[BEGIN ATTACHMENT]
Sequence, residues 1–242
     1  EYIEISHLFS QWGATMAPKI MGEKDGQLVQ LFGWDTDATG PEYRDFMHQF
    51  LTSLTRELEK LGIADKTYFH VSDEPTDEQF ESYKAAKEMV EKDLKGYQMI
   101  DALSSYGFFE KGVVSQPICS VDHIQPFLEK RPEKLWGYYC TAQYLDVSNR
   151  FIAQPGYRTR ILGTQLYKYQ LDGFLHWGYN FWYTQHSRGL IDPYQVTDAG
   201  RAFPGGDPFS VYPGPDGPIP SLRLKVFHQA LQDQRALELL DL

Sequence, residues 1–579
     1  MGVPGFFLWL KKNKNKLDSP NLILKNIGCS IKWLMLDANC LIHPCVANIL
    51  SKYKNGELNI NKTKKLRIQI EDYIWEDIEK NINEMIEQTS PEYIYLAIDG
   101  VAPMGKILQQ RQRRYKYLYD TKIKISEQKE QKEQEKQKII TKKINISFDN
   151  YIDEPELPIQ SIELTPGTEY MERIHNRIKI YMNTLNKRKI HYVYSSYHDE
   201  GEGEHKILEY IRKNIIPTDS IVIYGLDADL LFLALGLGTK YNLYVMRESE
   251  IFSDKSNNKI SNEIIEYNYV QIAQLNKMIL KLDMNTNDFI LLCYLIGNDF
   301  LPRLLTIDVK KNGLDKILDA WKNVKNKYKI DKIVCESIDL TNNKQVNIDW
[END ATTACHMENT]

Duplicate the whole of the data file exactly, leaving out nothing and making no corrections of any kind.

Sequence, residues 1–242
     1  EYIEISHLFS QWGATMAPKI MGEKDGQLVQ LFGWDTDATG PEYRDFMHQF
    51  LTSLTRELEK LGIADKTYFH VSDEPTDEQF ESYKAAKEMV EKDLKGYQMI
   101  DALSSYGFFE KGVVSQPICS VDHIQPFLEK RPEKLWGYYC TAQYLDVSNR
   151  FIAQPGYRTR ILGTQLYKYQ LDGFLHWGYN FWYTQHSRGL IDPYQVTDAG
   201  RAFPGGDPFS VYPGPDGPIP SLRLKVFHQA LQDQRALELL DL

Sequence, residues 1–579
     1  MGVPGFFLWL KKNKNKLDSP NLILKNIGCS IKWLMLDANC LIHPCVANIL
    51  SKYKNGELNI NKTKKLRIQI EDYIWEDIEK NINEMIEQTS PEYIYLAIDG
   101  VAPMGKILQQ RQRRYKYLYD TKIKISEQKE QKEQEKQKII TKKINISFDN
   151  YIDEPELPIQ SIELTPGTEY MERIHNRIKI YMNTLNKRKI HYVYSSYHDE
   201  GEGEHKILEY IRKNIIPTDS IVIYGLDADL LFLALGLGTK YNLYVMRESE
   251  IFSDKSNNKI SNEIIEYNYV QIAQLNKMIL KLDMNTNDFI LLCYLIGNDF
   301  LPRLLTIDVK KNGLDKILDA WKNVKNKYKI DKIVCESIDL TNNKQVNIDW